Everyone who works at NCSA Athletic Recruiting believes in the transformative power of sport. With more than 450 former college athletes and coaches on staff, we’ve lived it. Here, head tennis recruiting coach Brandon Videtich shares how he came to be a Division I tennis player.
If you’re interested in watching more videos about former college athletes on the NCSA team, you can start here with baseball recruiting expert Davide Harris or with softball recruiting expert Jaimie Duffek.
And if you’re interested in working with your passion for college sports every day, we’re hiring. Check out our open positions.
High school tennis doesn’t have to be a year-round commitment.
“You know I always had this big dream of going to Nebraska to play tennis,” Brandon says, “but throughout high school I still played basketball and soccer, too, and had a really big emphasis in those sports.”
But being a multi-sport athlete wasn’t a detriment for him. “I wasn’t one of those traditional kids who makes tennis their only sport and plays it year round,” he says. “Tennis was just a sport where I had a lot of success in high school and thought I could take it to the next level in college.”
NCSA Athletic Recruiting helps tennis players.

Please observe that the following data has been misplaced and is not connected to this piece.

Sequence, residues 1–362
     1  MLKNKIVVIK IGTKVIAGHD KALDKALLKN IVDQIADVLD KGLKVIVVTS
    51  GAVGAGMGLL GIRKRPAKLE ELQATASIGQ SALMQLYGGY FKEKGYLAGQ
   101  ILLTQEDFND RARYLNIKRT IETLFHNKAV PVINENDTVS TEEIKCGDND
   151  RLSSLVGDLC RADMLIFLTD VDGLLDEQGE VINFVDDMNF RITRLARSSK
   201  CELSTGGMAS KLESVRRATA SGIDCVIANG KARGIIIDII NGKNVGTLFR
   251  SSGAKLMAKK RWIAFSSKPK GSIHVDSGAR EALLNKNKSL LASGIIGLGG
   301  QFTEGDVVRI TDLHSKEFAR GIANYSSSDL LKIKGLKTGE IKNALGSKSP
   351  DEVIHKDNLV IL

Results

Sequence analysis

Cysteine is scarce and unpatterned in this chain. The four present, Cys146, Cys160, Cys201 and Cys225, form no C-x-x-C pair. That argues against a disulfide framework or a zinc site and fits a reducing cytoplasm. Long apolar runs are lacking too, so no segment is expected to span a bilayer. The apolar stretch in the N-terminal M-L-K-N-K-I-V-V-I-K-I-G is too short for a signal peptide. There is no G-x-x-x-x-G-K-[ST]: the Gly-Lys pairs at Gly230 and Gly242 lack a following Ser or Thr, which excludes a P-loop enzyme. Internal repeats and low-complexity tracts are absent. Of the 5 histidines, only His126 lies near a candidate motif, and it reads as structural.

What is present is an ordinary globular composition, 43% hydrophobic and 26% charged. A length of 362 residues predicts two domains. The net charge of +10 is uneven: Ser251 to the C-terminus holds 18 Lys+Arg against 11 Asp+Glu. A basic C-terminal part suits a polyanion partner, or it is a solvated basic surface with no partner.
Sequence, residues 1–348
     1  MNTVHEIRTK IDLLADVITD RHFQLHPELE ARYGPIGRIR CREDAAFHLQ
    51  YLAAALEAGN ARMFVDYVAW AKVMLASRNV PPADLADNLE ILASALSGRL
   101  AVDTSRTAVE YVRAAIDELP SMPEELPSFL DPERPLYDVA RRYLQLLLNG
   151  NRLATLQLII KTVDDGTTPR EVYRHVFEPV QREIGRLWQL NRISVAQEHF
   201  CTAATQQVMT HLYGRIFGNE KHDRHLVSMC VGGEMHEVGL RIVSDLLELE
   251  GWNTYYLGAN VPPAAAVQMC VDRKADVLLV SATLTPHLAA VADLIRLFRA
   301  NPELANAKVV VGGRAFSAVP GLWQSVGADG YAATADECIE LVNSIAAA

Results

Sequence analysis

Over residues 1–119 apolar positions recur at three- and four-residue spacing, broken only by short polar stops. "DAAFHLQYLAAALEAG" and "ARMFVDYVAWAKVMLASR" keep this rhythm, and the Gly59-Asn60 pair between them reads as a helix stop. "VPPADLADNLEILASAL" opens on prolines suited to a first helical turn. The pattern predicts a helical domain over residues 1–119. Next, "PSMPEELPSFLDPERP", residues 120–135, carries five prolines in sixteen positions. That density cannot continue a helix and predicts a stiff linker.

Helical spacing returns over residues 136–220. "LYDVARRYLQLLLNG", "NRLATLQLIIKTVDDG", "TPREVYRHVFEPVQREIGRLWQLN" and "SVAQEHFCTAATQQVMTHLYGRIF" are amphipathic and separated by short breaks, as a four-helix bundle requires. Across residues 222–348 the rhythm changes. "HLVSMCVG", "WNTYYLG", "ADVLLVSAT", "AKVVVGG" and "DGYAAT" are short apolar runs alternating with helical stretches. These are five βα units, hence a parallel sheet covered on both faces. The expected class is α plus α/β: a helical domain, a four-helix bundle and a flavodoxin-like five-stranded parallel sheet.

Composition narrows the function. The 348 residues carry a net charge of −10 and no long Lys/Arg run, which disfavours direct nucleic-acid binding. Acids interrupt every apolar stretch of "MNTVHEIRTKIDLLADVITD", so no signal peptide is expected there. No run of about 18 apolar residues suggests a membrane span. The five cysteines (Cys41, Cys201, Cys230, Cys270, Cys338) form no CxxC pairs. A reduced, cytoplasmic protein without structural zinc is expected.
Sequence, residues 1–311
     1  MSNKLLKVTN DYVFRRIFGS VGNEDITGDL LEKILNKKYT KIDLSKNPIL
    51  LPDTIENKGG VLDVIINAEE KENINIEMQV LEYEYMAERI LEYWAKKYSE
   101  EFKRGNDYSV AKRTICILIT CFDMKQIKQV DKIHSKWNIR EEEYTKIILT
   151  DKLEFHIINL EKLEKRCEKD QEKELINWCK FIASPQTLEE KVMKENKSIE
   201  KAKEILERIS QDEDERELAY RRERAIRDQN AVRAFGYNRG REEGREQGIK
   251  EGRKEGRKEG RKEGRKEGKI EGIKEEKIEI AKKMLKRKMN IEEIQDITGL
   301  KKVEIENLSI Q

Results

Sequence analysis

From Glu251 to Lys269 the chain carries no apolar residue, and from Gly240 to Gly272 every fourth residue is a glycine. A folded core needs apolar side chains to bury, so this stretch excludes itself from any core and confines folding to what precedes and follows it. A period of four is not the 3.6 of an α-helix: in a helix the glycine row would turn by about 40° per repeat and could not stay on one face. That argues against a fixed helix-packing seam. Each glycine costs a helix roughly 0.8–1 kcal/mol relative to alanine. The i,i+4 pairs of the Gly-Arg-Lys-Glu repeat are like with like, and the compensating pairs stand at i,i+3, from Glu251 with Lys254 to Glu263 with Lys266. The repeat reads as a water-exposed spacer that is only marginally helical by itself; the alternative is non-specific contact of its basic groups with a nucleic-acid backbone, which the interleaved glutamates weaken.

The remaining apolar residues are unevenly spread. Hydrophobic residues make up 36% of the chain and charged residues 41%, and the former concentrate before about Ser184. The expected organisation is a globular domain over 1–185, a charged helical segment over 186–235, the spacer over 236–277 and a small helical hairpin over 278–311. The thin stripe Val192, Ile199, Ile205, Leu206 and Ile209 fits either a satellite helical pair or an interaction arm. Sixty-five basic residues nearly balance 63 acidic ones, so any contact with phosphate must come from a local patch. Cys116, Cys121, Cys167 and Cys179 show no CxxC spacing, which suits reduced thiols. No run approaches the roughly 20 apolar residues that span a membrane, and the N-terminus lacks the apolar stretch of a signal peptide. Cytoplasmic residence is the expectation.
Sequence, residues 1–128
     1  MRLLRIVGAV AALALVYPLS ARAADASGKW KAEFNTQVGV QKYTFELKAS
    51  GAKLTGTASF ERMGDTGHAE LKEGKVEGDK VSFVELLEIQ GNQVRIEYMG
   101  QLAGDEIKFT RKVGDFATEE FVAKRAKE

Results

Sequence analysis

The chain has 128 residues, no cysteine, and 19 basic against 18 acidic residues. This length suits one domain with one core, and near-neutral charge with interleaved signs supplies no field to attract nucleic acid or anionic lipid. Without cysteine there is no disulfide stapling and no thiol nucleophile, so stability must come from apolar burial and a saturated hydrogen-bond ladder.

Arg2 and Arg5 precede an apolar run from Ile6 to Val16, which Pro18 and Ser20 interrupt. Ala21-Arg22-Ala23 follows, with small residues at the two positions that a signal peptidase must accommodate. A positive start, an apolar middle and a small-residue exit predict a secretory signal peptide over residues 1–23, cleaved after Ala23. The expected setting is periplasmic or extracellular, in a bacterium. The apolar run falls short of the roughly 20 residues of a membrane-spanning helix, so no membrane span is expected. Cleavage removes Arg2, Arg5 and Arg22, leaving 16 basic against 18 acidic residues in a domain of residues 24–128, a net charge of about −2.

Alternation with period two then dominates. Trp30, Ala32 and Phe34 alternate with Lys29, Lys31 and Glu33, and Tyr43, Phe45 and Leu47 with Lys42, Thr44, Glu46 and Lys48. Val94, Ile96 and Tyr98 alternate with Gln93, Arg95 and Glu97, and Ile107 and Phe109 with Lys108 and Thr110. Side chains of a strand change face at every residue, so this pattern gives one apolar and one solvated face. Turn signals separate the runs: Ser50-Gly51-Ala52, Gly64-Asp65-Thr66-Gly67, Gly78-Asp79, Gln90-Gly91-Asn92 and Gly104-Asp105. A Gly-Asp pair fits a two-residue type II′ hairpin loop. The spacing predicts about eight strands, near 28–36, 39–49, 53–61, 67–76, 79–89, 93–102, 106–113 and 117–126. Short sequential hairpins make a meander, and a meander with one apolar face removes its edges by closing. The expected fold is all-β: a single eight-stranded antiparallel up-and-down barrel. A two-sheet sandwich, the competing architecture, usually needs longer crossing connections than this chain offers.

Brandon has the distinction of personally using NCSA Athletic Recruiting’s scouts and digital platform as a high school tennis player — and now gives back to student-athletes who are in the position he was in.
(If you’re interested in hearing Brandon’s expert knowledge face-to-face, he regularly teaches our digital recruiting education classes and webinars.)
“NCSA couldn’t have been more than four or five years old when I joined the network,” Brandon says. “If I didn’t have NCSA… I had the great connection with Nebraska and that’s where I ended up going, but without understanding still how to go through the recruiting process, how to connect and communicate with my coach effectively, I definitely don’t think I’d be at Nebraska without NCSA.”
“I definitely don’t think I’d be at Nebraska without NCSA.” Tweet this!
Even Division I college tennis players should focus on academics.
It wasn’t all smooth sailing.
After some setbacks through injuries, Brandon – unable to play and feeling depressed – found himself struggling on his academics. The injuries “did a lot of things, mentally, for me,” Brandon says. “I had a little bit of trouble in class; grades slipped a little bit. I had conversations multiple times as to whether it was something I wanted to do.”
“But not too many kids got this opportunity, and if I stepped away from this it’d be something I regretted for the rest of my life,” Brandon says.
“If I step away from this, it’ll be something I regret for the rest of my life.” Tweet this!
“One of my bigger accomplishments, aside from the things I did on the court, is in the classroom,” Brandon says. “That type of stuff was really important to me. You know, having those types of banquets where they bring the athletes who are getting good grades and you have that recognition.”
“I can’t put into words how great of an accomplishment it was to get through the adversities I had,” he says. Check out this college tennis recruiting expert’s video below.
Are you still working to play your sport at the next level? College tennis experts like Brandon — and team members with experience in every other sport — can help. The best way to get started is with a recruiting profile.